The Equality Act 2010 introduced the concept of discrimination "arising from" a disability. There have been three recent cases in which the EAT has had to examine the concept and how close the connection between unfavourable treatment and the claimant's disability has to be for a claim to succeed. The latest case confirms that disability has to provide more than just the context in which the allegedly unfavourable treatment takes place.

The claimant worked for the Department of Work and Pensions (DWP). She received Disability Living Allowance from 2001. After an investigation it appeared that she stopped being eligible for the benefit in 2010 but had continued to claim it. This resulted in a prosecution (which was ultimately unsuccessful) and she was also dismissed from her employment because the employer believed that she had claimed the benefit dishonestly. She claimed that her dismissal was unfair and was also discrimination "arising from" her disability.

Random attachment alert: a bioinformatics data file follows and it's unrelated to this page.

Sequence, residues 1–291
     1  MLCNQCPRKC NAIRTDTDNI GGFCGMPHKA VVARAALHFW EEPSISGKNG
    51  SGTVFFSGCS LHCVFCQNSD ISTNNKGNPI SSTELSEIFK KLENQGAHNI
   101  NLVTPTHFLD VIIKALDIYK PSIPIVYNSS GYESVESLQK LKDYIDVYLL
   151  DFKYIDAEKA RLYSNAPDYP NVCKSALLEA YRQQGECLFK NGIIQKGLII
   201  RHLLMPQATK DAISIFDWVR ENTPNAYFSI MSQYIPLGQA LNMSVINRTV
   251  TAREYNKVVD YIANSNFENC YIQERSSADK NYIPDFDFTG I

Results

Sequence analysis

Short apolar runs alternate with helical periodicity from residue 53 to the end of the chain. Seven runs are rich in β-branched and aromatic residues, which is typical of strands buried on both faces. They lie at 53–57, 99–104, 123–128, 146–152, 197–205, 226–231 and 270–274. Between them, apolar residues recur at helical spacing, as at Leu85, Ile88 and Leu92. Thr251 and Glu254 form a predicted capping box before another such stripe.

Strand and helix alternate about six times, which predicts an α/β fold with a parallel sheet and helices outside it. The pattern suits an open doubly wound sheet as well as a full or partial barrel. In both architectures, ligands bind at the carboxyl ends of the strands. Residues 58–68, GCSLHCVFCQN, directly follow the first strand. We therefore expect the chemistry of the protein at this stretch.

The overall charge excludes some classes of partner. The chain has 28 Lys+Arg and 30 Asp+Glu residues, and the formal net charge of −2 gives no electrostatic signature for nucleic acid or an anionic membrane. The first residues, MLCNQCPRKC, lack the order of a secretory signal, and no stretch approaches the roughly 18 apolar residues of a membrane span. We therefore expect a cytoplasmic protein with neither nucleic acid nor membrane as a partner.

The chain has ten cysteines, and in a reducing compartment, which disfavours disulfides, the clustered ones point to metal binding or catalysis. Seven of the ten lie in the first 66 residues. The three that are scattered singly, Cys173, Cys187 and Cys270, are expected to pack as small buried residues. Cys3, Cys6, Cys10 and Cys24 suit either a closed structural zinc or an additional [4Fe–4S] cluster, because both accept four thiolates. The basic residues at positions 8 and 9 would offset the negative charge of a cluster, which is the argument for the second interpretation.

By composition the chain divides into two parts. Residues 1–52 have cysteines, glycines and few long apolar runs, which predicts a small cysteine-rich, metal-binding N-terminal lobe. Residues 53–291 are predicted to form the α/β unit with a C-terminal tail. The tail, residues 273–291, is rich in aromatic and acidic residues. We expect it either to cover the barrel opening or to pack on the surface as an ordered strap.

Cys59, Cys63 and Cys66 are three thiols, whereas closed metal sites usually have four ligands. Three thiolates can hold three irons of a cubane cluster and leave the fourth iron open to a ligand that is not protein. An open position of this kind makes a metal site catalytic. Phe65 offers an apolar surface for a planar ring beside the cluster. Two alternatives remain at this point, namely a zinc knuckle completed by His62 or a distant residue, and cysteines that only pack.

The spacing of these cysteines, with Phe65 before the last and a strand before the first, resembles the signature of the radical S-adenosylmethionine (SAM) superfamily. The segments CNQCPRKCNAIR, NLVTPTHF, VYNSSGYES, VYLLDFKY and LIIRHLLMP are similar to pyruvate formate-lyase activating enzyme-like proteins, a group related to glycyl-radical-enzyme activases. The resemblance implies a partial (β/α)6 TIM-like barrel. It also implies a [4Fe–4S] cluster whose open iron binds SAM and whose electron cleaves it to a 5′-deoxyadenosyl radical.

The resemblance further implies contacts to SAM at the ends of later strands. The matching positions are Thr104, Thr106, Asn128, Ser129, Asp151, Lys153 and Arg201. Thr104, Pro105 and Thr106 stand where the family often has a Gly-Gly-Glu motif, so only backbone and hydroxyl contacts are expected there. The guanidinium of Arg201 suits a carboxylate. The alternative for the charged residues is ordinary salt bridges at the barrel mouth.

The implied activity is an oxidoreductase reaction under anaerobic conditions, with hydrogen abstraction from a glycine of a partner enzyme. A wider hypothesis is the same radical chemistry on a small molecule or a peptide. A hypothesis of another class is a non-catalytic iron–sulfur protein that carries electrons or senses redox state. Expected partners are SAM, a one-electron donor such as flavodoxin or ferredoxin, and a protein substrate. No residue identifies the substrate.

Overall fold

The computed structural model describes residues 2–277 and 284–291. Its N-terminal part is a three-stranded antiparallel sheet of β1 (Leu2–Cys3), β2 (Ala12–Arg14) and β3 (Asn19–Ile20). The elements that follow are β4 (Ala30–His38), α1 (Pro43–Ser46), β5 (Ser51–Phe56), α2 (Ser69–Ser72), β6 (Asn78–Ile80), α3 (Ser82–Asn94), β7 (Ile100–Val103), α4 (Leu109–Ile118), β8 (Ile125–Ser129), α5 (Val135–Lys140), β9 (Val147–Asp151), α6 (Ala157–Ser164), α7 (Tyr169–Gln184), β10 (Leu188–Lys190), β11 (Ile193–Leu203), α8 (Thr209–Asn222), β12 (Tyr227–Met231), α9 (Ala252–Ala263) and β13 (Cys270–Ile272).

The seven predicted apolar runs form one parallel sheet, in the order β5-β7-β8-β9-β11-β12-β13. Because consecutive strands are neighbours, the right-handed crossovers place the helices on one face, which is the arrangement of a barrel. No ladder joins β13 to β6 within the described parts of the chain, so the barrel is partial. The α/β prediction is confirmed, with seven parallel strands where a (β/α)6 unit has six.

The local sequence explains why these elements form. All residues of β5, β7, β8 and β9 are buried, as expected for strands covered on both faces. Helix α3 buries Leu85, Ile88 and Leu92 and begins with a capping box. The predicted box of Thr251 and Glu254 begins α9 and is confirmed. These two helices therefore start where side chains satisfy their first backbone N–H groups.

The disability discrimination claim was struck out by the tribunal on the basis that it had no reasonable prospect of success. The EAT upheld the decision. The claimant's disability formed part of the background to the case but the dismissal was not treatment "because of something arising in consequence of the disabled person's disability". Here the claimant's dismissal occurred because her employers thought that she had been dishonest. It was not due to anything "arising from" disability, despite the fact that the purported dishonesty related to a disability benefit.